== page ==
Use plain language. The people reading your mission are bombarded with millions of competing pieces of information vying for their attention. So, how do you stand out? Plain language. Use plain language by choosing a conversational tone and easy-to-understand words, among other things. Plus, for government agencies, plain language is required by law according to the Plain Writing Act of 2010.

Don’t try — do! It’s easy to let wishy-washy words sneak into our mission statements. Words like “try”, “seek”, “influence”, “encourage”, “works to”, “attempts”, “aims”, “helps” give the impression that we’re not actually successful in fulfilling our missions. Put a stake in the ground and use declarative words. The American Lung Association doesn’t “attempt to save lives”. They save lives. What does your organization do?

Avoid writing by committee. Yes, you have to get buy-in from others, but that doesn’t mean you have to sacrifice the integrity of your writing. Watch this short video by Dan Heath with Fast Company to show how your really effective statement gets warped into a meaningless jumble of mess when other people get involved, and how to avoid it.

Your mission statement is the torch that will guide your organization for many years to come, so it’s worth the time, energy, and attention that you’re devoting. Have a tip you want to share? We’d love to hear it. Leave a comment below to share your thoughts.

Closing a door. Opening a window.

Today, we wrapped up the last client at Corgibytes. Sad, indeed.

For the past two years, I’ve worked with my husband building websites and apps. But, after three very expensive lessons in a row, we had to pivot. So, Scott accepted a full-time job and will continue to build apps in his spare time.

Where does that put me? For awhile I felt like I was in a professional vacuum. My job at Corgibytes was development, marketing and customer service. Now that we’ve changed our business model, there’s little need for me.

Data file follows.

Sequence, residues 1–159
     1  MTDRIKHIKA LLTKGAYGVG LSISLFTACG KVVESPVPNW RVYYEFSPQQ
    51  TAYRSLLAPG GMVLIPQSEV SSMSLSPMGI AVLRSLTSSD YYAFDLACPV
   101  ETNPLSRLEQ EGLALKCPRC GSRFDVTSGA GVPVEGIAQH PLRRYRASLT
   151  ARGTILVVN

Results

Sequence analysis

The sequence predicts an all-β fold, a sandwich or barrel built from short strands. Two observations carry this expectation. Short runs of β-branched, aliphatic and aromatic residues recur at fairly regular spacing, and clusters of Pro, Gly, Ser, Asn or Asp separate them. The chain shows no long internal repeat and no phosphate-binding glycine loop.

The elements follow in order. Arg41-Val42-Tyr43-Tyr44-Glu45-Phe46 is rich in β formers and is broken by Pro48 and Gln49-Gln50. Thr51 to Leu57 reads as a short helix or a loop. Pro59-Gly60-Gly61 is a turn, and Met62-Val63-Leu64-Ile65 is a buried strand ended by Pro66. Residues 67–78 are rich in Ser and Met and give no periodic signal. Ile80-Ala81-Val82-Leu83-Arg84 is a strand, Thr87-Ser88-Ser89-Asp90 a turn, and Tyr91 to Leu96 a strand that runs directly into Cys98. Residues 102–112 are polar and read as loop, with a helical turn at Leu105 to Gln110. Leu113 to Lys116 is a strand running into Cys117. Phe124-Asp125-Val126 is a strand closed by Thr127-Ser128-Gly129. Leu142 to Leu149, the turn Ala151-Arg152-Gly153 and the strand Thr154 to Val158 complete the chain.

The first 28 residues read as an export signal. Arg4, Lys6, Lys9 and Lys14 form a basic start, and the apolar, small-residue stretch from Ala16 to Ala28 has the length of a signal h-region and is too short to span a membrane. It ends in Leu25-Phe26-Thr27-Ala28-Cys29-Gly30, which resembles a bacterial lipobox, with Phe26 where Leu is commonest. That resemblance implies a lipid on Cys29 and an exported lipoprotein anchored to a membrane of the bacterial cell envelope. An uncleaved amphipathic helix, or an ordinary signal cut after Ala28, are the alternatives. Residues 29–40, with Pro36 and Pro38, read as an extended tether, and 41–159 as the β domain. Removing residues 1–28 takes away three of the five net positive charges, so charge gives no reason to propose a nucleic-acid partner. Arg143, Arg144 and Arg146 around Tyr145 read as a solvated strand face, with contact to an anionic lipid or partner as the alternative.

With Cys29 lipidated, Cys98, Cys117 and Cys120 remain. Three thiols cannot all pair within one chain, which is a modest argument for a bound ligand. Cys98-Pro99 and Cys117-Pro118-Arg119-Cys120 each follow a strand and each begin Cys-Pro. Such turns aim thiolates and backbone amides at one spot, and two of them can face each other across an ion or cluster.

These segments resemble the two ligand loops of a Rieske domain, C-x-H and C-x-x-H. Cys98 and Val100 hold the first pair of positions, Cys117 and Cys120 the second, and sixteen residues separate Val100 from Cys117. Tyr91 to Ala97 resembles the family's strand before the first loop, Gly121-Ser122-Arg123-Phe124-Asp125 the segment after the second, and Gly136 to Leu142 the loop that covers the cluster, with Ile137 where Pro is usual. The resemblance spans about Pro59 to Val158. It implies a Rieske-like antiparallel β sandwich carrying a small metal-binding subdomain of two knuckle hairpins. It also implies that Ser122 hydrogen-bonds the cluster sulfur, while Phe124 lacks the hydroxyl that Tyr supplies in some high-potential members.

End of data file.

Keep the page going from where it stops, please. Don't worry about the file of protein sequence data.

So, I’m going back to my roots, with a twist. For six years, I’ve worked as a professional writer and I’ve worked with some amazing organizations (especially over the past year). I started to notice a common thread — my favorite clients are all working to make the world a better place. So, that’s where I’m putting my stake in the ground. Communication services for non-profits and socially-conscious businesses.

We’ll see where this new adventure takes me — but the destination doesn’t really matter, I’m just enjoying the ride.

Have you ever had to reinvent yourself? How did it turn out?

5 Takeaways from Creating Change at Discovery Communications

create change posterI jumped up and down like a four year old when I received the email. Peyton Rowe, my “friend in reward (not crime)” was inviting me to join her at the CreateAthon -inspired event Creating Change at Discovery Communications. Sure, there were things that needed to be shuffled, but none of the life logistics even entered my mind when I replied with a resounding, “YES!!”

Now, here I am. Bouncing around between the 24 creative teams. A mission statement here. A social media plan there. All of this work is helping create professional marketing materials for different non-profits in the DC area. Imagining the positive impact that just this event boggles my mind in a good way.

I snagged a sunny spot in the atrium to share a few tidbits about my experience.

1. Past professional lives matter.
Immediately after registering, I was introduced to Jennifer Cortner, VP of Account Services at Discovery Creative. Yeah, she’s a big wig around here. So it was pretty amazing when we played the you-look-familiar game and recalled meeting each other at Success in the City’s Social Media Nouveaux conference in 2007. At the time, I worked as a freelance writer/social media consultant and Jennifer was President of EFX media. It just goes to show that good work and good impressions are always important.

2. Corporations are vital to creating social change.
Last week, when I posted a question on a LinkedIn group about non-profit development, I got a comment that struck me to the core.

[At our non-profit] all members work free of charge in our poorest community and not one cent of funding goes towards any administration, office rental or transport. This is our way of giving – selflessly. If you have the compassion to work with the poor, then do it voluntarily, and not turn it into a business.

This us vs. them attitude really affected me. After reflecting, I came to the belief that in order for REAL change to occur, it needs to be part of our social fabric at every level, not just with the seemingly selfless individuals who can afford to be full-time volunteers. The idea of changing our world for the better needs to be the forefront of our minds — all of our minds.

Corporations have the resources (not just money, but talent and infrastructure) to make a huge impact. Businesses are not bad — they are a critical part of the solution.